Yell water supply
During most of 2008 contractors FLJ have been working in Yell installing a new pipeline, a distribution main, through the isle to link each district.
To date the north sector has been completed but the piece between Mid Yell and Burravoe remains. This will be done when plans have been firmed up and the necessary consent obtained. Yell currently has three separate sources of drinking water – at Burravoe, Mid Yell and Cullivoe.
Scottish Water wants to have a single water scheme for the whole isle because water treatment has to conform to new, higher standards and to install three new treatment plants would be far too costly. Hence the new pipeline.
The plan was to use the Loch of Kettlester in Burravoe as the source and water from Burravoe would be piped and pumped to all parts of the isle.
Some folk living in the area had strong objections to the plans and a petition was circulated in opposition. One bone of contention was that, to be viable, the water level has to be raised by 750mm. This would alter the shape of the loch and it would flood forever the so-called “broch in the loch”, an archaeological site linked by a causeway.
To allay fears and to make the public aware of what was planned Scottish Water held an open day in Burravoe last September. This event was well attended and many, if not all, were re-assured and felt more comfortable with the plans.
However, more serious difficulties with Kettlester Loch have emerged. When it came to testing the quality of the raw water it was found to contain a level of dissolved metals that is far higher than expected. This would mean that the proposed membrane process, i.e. non chemical treatment of the water, would not, in itself, be enough to purify the water.
It would mean the introduction of a coagulation process up front. This, in turn, would mean that a pipeline would have to be laid to the sea to get rid of the waste extracted from the water. Alternatively the waste could be tankered off the isle. This extra treatment process is something that Scottish Water is keen to avoid.
While the Kettlester plan is not quite dead it is highly unlikely that it will go ahead. Therefore Scottish Water is looking for another source of water that can serve the whole of Yell. They are currently testing samples taken from Gossa Water. This loch is the biggest and deepest in Yell and it is situated west from the head of Bastavoe.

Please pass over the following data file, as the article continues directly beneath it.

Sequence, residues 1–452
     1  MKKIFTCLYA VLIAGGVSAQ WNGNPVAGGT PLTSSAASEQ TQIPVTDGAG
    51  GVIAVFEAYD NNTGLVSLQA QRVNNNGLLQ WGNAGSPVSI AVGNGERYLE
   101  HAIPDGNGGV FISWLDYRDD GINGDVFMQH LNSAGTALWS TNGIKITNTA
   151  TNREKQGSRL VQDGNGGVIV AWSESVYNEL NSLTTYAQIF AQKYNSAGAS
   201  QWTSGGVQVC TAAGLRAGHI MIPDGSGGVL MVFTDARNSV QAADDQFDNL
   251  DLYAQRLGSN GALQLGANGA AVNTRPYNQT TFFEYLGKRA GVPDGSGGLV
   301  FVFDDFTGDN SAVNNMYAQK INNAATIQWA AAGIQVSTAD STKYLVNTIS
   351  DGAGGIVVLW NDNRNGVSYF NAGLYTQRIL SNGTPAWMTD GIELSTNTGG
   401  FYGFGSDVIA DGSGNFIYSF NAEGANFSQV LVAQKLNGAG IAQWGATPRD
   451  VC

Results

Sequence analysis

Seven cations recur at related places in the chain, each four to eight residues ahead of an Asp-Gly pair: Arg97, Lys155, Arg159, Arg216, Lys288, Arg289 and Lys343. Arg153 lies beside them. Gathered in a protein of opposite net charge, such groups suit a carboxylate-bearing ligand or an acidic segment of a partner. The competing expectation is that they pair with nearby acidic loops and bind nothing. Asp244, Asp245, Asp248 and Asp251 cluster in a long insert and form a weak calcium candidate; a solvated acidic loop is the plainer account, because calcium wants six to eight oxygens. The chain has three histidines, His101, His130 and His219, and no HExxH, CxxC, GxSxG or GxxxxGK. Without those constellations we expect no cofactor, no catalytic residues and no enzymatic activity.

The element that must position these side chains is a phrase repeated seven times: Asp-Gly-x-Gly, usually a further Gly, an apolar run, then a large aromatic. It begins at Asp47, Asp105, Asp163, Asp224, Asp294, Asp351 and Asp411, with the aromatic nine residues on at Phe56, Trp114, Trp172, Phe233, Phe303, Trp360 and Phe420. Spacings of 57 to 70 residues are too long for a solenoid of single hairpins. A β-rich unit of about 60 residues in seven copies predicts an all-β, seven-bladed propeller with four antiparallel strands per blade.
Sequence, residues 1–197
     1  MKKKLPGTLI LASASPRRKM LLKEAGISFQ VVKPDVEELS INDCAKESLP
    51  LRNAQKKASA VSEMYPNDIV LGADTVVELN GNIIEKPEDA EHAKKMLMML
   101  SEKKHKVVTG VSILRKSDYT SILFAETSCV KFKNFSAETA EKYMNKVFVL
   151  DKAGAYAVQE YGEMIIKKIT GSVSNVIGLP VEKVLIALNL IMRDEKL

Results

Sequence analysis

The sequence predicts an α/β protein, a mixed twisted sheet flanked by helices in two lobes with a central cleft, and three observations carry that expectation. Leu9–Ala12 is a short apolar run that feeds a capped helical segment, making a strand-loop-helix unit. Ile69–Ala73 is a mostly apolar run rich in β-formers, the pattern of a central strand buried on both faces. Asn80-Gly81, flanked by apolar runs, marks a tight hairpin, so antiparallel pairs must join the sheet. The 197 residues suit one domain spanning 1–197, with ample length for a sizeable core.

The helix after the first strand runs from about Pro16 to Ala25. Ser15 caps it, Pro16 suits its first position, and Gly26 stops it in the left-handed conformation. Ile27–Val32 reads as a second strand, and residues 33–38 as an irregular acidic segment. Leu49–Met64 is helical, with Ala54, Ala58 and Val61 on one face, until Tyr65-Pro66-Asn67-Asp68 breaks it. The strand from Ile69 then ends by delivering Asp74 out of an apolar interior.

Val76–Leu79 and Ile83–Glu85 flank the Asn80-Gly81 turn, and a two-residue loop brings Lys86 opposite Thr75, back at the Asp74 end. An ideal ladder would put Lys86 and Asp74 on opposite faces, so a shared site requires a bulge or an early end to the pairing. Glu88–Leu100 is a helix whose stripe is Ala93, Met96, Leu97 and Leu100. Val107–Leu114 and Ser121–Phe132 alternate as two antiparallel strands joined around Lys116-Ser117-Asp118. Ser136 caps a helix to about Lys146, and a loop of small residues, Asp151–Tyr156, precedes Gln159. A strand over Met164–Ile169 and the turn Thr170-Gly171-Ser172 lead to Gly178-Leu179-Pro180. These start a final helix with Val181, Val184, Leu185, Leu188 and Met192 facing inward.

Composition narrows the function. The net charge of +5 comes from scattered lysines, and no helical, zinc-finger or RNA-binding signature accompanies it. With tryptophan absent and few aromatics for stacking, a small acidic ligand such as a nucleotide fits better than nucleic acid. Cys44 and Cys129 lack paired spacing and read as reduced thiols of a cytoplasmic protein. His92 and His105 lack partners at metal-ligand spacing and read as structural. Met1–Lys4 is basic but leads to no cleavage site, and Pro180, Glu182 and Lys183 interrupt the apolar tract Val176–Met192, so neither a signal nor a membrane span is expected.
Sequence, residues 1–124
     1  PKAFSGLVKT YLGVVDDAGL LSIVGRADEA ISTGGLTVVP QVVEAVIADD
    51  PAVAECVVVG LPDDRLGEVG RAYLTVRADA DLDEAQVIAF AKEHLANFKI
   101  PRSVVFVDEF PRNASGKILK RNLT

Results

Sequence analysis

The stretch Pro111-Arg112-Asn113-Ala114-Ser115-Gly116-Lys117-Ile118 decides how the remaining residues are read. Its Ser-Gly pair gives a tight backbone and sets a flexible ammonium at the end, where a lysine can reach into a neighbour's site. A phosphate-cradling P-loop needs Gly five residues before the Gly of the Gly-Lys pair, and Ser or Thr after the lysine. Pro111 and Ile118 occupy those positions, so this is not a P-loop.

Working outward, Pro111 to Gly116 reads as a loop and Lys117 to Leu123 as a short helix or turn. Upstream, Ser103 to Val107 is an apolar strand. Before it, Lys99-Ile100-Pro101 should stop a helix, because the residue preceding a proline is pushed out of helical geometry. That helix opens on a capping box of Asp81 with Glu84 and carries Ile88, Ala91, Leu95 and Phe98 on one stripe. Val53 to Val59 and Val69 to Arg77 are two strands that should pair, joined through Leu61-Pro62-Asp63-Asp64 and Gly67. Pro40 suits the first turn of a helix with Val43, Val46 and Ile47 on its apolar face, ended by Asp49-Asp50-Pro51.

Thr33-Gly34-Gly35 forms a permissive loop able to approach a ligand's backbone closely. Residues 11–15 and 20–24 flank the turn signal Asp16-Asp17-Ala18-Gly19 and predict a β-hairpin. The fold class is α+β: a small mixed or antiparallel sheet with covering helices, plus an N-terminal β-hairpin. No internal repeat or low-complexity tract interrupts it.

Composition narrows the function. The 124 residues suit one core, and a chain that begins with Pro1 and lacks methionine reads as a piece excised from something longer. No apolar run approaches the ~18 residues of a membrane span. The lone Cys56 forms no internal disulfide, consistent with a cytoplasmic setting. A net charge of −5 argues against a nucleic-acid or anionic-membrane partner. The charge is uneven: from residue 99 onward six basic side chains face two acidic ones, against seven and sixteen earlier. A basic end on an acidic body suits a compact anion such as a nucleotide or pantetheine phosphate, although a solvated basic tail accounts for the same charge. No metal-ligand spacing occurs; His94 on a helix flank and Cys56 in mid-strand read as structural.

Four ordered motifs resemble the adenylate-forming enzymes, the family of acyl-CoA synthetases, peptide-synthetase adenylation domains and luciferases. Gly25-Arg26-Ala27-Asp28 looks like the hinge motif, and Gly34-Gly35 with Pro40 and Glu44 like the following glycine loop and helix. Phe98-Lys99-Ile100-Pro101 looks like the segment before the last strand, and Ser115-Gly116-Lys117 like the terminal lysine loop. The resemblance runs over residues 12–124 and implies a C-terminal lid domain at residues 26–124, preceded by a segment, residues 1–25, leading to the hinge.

The quality of the samples taken from Gossa Water seems promising, and testing will continue in the summer, but it has become the favourite to be the source of Yell’s drinking water. The loch itself does not need to be altered in any way, it has plentiful water and, in terms of cost, it would be much the same as Kettlester.
A site has to be found for the treatment works somewhere near the head of Bastavoe. Also required will be a 70,000 gallon treated water storage tank. This would be situated north of Bastavoe, perhaps close to the old hill road to Cullivoe. A pipeline would take the raw water from the loch to the treatment works.
At this stage there are no plans to lay an access road to Gossa Water. Project manager Raymond Aitken said there were a number of environmental issues to consider. This will form part of the application to SEPA in due course for an appropriate licence after consultation with relevant bodies such as Scottish Natural Heritage.
Mr Aitken stressed that discussions had to take place with the landowners and grazing committees concerned with the area in order to obtain consent for the plans. He wants Yell folk to be kept fully informed of the progress and when the plans are further progressed he will organise another open day.